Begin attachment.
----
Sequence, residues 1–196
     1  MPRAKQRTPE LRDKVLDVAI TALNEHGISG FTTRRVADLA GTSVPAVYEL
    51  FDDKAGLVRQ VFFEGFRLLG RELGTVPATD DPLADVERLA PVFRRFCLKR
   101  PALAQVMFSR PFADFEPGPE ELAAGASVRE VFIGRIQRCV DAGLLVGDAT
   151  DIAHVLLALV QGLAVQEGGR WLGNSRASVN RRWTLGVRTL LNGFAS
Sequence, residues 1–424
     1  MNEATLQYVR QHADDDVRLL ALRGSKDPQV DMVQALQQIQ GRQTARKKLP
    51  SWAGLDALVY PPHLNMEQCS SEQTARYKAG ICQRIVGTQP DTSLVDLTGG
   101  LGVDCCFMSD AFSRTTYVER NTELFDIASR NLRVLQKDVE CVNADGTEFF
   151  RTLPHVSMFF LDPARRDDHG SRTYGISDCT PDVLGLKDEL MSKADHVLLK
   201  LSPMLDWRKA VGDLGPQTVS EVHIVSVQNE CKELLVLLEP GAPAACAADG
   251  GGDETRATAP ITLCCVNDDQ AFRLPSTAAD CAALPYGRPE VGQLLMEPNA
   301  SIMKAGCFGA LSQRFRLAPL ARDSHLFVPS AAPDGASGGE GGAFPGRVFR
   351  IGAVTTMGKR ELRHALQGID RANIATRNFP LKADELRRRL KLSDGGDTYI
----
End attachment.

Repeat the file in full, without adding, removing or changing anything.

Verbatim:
Sequence, residues 1–196
     1  MPRAKQRTPE LRDKVLDVAI TALNEHGISG FTTRRVADLA GTSVPAVYEL
    51  FDDKAGLVRQ VFFEGFRLLG RELGTVPATD DPLADVERLA PVFRRFCLKR
   101  PALAQVMFSR PFADFEPGPE ELAAGASVRE VFIGRIQRCV DAGLLVGDAT
   151  DIAHVLLALV QGLAVQEGGR WLGNSRASVN RRWTLGVRTL LNGFAS
Sequence, residues 1–424
     1  MNEATLQYVR QHADDDVRLL ALRGSKDPQV DMVQALQQIQ GRQTARKKLP
    51  SWAGLDALVY PPHLNMEQCS SEQTARYKAG ICQRIVGTQP DTSLVDLTGG
   101  LGVDCCFMSD AFSRTTYVER NTELFDIASR NLRVLQKDVE CVNADGTEFF
   151  RTLPHVSMFF LDPARRDDHG SRTYGISDCT PDVLGLKDEL MSKADHVLLK
   201  LSPMLDWRKA VGDLGPQTVS EVHIVSVQNE CKELLVLLEP GAPAACAADG
   251  GGDETRATAP ITLCCVNDDQ AFRLPSTAAD CAALPYGRPE VGQLLMEPNA
   301  SIMKAGCFGA LSQRFRLAPL ARDSHLFVPS AAPDGASGGE GGAFPGRVFR
   351  IGAVTTMGKR ELRHALQGID RANIATRNFP LKADELRRRL KLSDGGDTYI